The work of Edwin Lutyens (1869-1944) includes the Cenotaph in Whitehall, much of Imperial New Delhi and especially his masterpiece, Viceroy's House (now Rashtrapati Bhavan), Queen Mary's dolls' house and Hampstead Garden Suburb. But his greatest heritage is the traditional Edwardian country house, an architectural style he made his own, using local materials and often working with Gertrude Jekyll who planted the gardens for his family homes. This is a full biography of a witty, complex personality, a man who had little formal education, who loved jokes and hated growing up. It is also a portrait of an extraordinary marriage. His wife, Emily, fell in love with Krishnamurti, 21 years her junior and believed to be the reincarnation of a god, and she thereafter spent her time and her husband's money promoting Theosophy, a Hindu-inspired cult. Lutyens's failure to find a common language with Emily possibly drove him to achieve the remarkable communication through the language of architecture which characterises his best work.
Buy Edwin Lutyens book by Jane Ridley from Australia's Online Bookstore, Boomerang Books.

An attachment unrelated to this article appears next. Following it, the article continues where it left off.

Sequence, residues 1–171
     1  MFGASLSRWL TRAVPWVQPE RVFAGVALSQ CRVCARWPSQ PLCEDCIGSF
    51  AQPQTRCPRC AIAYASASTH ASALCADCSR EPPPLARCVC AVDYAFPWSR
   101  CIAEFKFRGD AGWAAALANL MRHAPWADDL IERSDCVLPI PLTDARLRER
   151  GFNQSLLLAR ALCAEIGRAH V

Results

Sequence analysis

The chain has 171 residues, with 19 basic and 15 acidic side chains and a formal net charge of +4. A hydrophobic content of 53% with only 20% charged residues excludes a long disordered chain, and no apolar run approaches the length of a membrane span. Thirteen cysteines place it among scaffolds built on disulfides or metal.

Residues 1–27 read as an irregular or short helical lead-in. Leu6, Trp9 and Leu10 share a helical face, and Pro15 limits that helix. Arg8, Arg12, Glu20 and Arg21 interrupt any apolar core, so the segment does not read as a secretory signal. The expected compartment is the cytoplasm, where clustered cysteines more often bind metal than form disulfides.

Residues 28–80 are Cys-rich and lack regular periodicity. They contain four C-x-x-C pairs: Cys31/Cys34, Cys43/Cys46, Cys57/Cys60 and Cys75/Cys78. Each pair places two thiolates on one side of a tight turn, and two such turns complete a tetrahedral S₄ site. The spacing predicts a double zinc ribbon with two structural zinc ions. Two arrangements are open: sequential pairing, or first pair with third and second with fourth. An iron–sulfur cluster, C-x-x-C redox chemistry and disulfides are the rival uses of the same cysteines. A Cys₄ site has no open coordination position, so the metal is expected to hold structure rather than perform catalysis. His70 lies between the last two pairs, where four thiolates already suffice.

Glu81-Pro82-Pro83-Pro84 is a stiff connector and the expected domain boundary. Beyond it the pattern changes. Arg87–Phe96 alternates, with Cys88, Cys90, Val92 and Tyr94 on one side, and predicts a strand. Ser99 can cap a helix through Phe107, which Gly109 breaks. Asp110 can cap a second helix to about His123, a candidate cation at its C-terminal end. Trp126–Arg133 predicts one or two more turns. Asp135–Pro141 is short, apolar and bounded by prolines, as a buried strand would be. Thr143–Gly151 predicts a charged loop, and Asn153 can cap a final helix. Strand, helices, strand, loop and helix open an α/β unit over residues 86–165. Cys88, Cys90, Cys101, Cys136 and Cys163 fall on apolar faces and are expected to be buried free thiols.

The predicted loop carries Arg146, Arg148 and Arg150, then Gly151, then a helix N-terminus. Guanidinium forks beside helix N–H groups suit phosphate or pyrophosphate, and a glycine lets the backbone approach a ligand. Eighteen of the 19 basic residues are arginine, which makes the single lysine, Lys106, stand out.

(234mm x 156mm x 37mm)
Publisher: Vintage Publishing
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Author Biography - Jane Ridley
Jane Ridley is Lutyens's great-granddaughter, and this biography was authorised by his last surviving daughter, Mary, who died in 1999. Jane Ridley has read over 5,000 letters between Ned Lutyens and his wife Emily, and she travelled to New Delhi and Washington to research her book, which paints a devastating yet entertaining picture of Edwardian society. Jane Ridley is an historian at Buckingham University where she teaches a course on biography. Her previous books include The Letters of Edwin Lutyens (co-edited with Clayre Percy), The Letters of Arthur Balfour and Lady Elcho (co-edited with Clayre Percy) and The Young Disraeli described by Andrew Marr in the Independent as 'a rich, dense and thoughtful biography which may-become the definitive one', and by John Grigg in the Sunday Telegraph as 'a major new biography-it is difficult to see her work being superseded'.